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In the previous lecture, we saw that Ricci flow with surgery ensures that the second homotopy group $\pi_2(M)$ became extinct in finite time (assuming, as stated in the above erratum, that there is no embedded $\Bbb{RP}^2$ with trivial normal bundle). It turns out that the same assertion is true for the third homotopy group, at least in the simply connected case:

Theorem 1. (Finite time extinction of $\pi_3(M)$) Let $t \mapsto (M(t),g(t))$ be a Ricci flow with surgery on compact 3-manifolds with $t \in [0,+\infty)$, with M(0) simply connected. Then for all sufficiently large t, $\pi_3(M(t))$ is trivial (or more precisely, every connected component of M(t) has trivial $\pi_3$).

[Aside: it seems to me that this theorem should also be true if one merely assumes that M(0) contains no embedded copy of $\Bbb{RP}^2$ with trivial bundle, as opposed to M(0) being simply connected, but I will be conservative and only state Theorem 1 with this stronger hypothesis, as this is all that is necessary for proving the Poincaré conjecture.]

Suppose we apply Ricci flow with surgery to a compact simply connected Riemannian 3-manifold (M,g) (which, by Lemma 1 from Lecture 2, has no embedded $\Bbb {RP}^2$ with trivial normal bundle). From the above theorem, as well as Theorem 1 from the previous lecture, we know that all components of M(t) eventually have trivial $\pi_2$ and $\pi_3$ for all sufficiently large t. Also, since M is initially simply connected, we see from Exercise 2 of Lecture 2, as well as Theorem 2.1 of Lecture 2, that all components of M(t) also have trivial $\pi_1$. The finite time extinction result (Theorem 4 from Lecture 2) then follows immediately from Theorem 1 and the following topological result, combined with the following topological observation:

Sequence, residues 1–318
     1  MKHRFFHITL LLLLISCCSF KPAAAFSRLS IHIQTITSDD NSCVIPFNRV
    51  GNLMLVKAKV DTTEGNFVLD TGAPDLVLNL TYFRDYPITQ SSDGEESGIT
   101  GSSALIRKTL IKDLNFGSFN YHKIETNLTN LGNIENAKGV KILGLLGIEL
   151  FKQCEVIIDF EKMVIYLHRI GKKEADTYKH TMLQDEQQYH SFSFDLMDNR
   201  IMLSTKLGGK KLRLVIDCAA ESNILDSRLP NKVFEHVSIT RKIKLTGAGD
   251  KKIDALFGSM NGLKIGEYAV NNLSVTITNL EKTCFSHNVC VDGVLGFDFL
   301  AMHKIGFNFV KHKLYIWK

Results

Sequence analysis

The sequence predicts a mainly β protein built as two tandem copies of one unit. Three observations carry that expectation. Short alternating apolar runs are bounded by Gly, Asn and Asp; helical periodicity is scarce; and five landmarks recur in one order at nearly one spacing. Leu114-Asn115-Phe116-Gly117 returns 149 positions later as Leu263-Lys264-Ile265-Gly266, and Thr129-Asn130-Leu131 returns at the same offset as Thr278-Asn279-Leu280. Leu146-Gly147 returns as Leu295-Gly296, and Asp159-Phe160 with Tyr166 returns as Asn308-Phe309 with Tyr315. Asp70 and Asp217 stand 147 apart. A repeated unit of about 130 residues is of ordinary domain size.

Lemma 1. Let M be a compact non-empty connected 3-manifold. Then it is not possible for $\pi_1(M)$, $\pi_2(M)$, and $\pi_3(M)$ to simultaneously be trivial.

This lemma follows immediately from the Hurewicz theorem, but for sake of self-containedness we give a proof of it here.

There are two known approaches to establishing Theorem 1; one due to Colding and Minicozzi, and one due to Perelman. The former is conceptually simpler, but requires a certain technical concentration-compactness type property for a min-max functional which has only been established recently. This approach will be the focus of this lecture, while the latter approach of Perelman, which has also been rigorously shown to imply finite time extinction, will be the focus of the next lecture.